Housing crisis: Varadkar denies Government is trying to pass blame
Murphy warns local authorities set up more family hubs or lose some of their powers
Minister of State at the Department of Housing, Planning and Local Government Damien English and Taoiseach Leo Varadkar, during the Fine Gael think-in in Galway. Photograph: Joe O’Shaughnessy
Taoiseach Leo Varadkar has denied accusations that the Government’s criticism of the pace of building by local authorities is an attempt to pass the blame for the housing crisis.
Minister for Housing Eoghan Murphy on Thursday threatened to use “emergency powers” under the Housing Acts to strip certain local authorities of their powers to provide emergency accommodation and transfer the responsibility to his department.
Mr Murphy issued the warning at the Fine Gael parliamentary party’s think-in in Galway on Thursday, as the political pressure on the Government over the housing crisis increased.
On Friday Mr Vardakar said there was no “quick fix” to the housing crisis and the Government was “not giving up” on addressing the huge demand for social and affordable housing.
Mr Varadkar said local authorities as well as the Government had a role to play but rejected accusations the Coalition was trying to pass the blame.
Mr Murphy and the Government are under severe political pressure due to their inability to make significant inroads into the numbers of people homeless, not least as they have been unable to stem the flow of new families into homeless.
Sinn Féin has tabled a motion of no confidence in the Minister that is unlikely to succeed as Fianna Fáil has said it will not support it.
The latest homelessness figures, published by the Department of Housing at the end of August, showed there were 9,891 people in emergency accommodation during the week of July 23rd to 29th, including 6,024 adults and 3,867 children.
This compares with 9,872 people (6,048 adults and 3,824 children) in June.
Compared with July 2017, the figures are up 21 per cent for adults (8,160 a year ago) and 30 per cent for children (2,973) nationally.
Sharp regional increases in the number of homeless children in the past year are seen, for example, in the mid-west, which includes counties Clare and Limerick, where the number of homeless children is up 120 per cent since July 2017 - from 80 to 176.
The mideast - counties Kildare, Meath and Wicklow - has experienced a 98 per cent increase in child homelessness, from 65 to 129.
In the southwest – Cork and Kerry – numbers are up 78 per cent from 143 to 255. In the west – counties Galway, Mayo and Roscommon – child homelessness is up 77 per cent, from 118 to 209.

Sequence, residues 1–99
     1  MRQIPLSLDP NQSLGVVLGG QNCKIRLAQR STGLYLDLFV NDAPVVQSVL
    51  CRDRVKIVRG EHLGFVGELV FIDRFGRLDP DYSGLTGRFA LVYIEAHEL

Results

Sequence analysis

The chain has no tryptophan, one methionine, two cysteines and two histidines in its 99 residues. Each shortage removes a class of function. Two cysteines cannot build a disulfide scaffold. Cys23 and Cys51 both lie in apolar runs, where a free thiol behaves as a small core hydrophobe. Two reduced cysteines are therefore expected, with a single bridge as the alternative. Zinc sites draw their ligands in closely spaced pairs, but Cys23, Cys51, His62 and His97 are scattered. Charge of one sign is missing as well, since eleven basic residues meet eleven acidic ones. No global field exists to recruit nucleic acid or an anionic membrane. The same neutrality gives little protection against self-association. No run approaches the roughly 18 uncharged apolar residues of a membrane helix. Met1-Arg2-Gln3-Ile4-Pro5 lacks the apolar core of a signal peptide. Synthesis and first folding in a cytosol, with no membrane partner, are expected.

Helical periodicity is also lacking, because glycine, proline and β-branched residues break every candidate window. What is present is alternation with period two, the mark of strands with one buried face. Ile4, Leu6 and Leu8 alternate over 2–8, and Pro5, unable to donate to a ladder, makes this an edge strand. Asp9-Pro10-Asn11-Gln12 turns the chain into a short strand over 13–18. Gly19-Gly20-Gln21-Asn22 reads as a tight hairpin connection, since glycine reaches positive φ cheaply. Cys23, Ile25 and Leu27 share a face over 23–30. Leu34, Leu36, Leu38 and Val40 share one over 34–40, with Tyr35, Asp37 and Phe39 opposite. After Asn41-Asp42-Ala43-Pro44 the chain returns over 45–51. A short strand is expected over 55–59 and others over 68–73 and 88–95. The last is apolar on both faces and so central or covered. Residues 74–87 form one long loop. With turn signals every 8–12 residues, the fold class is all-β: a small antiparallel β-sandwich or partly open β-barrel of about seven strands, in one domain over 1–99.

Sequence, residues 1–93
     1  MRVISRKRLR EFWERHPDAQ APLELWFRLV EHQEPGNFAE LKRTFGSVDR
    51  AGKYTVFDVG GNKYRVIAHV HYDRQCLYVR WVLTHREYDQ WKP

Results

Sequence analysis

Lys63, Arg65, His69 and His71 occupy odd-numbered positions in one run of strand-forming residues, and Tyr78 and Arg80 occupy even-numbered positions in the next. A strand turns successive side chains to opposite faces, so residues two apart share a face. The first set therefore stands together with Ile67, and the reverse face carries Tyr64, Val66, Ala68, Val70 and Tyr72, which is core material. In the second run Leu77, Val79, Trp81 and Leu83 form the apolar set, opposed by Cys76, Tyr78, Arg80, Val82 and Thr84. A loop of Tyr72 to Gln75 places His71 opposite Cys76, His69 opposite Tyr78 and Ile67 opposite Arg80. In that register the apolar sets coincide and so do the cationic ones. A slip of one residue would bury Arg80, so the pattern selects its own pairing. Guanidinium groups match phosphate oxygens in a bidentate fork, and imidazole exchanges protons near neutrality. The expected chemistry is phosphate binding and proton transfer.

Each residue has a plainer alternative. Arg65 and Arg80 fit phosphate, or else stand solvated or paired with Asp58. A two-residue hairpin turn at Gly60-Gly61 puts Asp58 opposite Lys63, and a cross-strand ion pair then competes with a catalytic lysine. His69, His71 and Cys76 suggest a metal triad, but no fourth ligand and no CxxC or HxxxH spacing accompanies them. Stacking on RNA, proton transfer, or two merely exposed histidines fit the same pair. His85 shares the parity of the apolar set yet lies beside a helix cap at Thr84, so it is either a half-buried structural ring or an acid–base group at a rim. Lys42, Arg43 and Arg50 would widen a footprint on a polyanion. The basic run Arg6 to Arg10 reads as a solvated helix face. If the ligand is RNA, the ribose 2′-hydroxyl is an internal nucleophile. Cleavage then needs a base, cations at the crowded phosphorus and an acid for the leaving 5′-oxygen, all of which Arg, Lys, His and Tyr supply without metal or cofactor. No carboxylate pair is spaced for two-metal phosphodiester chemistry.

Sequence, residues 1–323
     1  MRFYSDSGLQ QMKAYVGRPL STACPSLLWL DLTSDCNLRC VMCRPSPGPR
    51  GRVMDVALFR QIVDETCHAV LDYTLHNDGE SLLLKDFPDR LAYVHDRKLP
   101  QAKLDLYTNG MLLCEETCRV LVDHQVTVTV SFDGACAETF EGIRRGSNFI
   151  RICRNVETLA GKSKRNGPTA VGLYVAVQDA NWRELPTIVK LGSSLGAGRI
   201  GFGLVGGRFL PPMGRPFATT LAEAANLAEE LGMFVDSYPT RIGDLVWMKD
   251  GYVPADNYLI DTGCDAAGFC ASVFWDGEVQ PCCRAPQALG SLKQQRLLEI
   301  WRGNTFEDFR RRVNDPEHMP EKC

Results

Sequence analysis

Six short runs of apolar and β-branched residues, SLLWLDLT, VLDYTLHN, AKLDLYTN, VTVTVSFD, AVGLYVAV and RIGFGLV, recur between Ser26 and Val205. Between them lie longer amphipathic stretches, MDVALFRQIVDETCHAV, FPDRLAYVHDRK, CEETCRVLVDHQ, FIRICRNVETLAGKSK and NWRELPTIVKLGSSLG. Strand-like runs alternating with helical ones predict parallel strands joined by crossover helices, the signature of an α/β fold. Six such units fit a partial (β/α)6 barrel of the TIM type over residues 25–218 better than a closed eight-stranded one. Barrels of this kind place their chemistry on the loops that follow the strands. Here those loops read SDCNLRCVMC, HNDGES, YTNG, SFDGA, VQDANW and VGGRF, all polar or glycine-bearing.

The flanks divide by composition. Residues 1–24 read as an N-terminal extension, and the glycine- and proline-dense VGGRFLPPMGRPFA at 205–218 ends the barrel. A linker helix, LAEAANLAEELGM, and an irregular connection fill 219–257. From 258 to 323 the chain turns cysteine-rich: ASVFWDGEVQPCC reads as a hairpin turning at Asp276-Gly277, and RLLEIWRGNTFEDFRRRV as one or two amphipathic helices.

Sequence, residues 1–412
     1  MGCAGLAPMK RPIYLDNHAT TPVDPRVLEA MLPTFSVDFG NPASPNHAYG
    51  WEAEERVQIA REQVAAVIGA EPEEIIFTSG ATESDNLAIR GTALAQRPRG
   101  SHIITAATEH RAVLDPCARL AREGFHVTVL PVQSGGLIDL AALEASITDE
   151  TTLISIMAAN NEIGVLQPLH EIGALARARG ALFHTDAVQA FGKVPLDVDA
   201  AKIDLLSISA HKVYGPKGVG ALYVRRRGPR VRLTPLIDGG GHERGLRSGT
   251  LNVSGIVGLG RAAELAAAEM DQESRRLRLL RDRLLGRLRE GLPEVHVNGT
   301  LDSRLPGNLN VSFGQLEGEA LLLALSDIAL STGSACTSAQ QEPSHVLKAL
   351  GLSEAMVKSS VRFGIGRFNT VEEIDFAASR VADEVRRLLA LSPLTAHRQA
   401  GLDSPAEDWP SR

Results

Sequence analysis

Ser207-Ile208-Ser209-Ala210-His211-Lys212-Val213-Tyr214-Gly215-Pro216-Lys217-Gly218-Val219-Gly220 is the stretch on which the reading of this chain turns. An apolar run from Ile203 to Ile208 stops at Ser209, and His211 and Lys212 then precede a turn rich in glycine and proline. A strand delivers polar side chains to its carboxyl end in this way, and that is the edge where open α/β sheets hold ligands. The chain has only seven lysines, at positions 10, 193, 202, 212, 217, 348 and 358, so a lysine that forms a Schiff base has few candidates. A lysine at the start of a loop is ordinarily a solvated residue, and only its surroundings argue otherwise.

Yesterday, Mr Murphy said the number of families in emergency accommodation in some local authority areas was “unacceptable”, and the Minister said he had written to a number of unnamed councils and told them they needed to make immediate changes in how they provide emergency accommodation.
“If they don’t, I will have recourse to emergency powers within my department to step in and take control of some of those functions,” he said.
On Friday the Taoiseach told RTÉ’s Morning Ireland he supported Mr Murphy in putting pressure on local authorities to deliver housing faster.
“I totally accept that this is not happening quick enough. That is why we want to put the pressure on local authorities to deliver faster of the money that’s already pre-allocated in the budget for next year.
“There is an additional €400 million for the Department of Housing.”
Not giving up
Mr Varadkar said he did not believe the Government had failed to meet its targets to get thousands of families and people out of emergency accommodation.
“To say you have failed is giving up. We are not giving up.”
Mr Varadkar said there was a need to reach the target of 10,000 social housing units over the next 10 years and said that was a long way away.
He said when it comes to developing sites for housing and social housing it was a “shared responsibility between central government and local government”.
Responding to Mr Murphy’s criticisms Dún Laoghaire/Rathdown council’s cathaoirleach, Green Party councillor Ossian Smyth, maintained the process for local authorities to build houses is too lengthy.
He told RTÉ’s Today with Sean O’Rourke show it took three-and-a-half years to get a house “from field to door”.
The fact local authorities have to “go in and out” to central government for every step of the process and for all funding is “a waste of time” and shows the Government does not trust local authorities, Mr Smyth said.
On the same programme Solidarity People Before Profit councillor Matt Waine from Fingal Council said the Minister was“feeling the heat” and was seeking to blame councillors.
The real issue “is the elephant in the room”, he said, which is the absence of a properly funded public programme of building. “The Minister is kicking the can down the road.”
Cllr Waine pointed out a report from Fingal Council proposing the building of 1,200 affordable houses was “still sitting on the Minister’s desk”.
“He should have been on the phone immediately asking who do I make the cheque out to?”
Councils have to cut their cloth to suit their measure because of uncertainty with central government funding, Cllr Waine said, adding local authorities should be in a position to set up construction departments so there could be more direct building.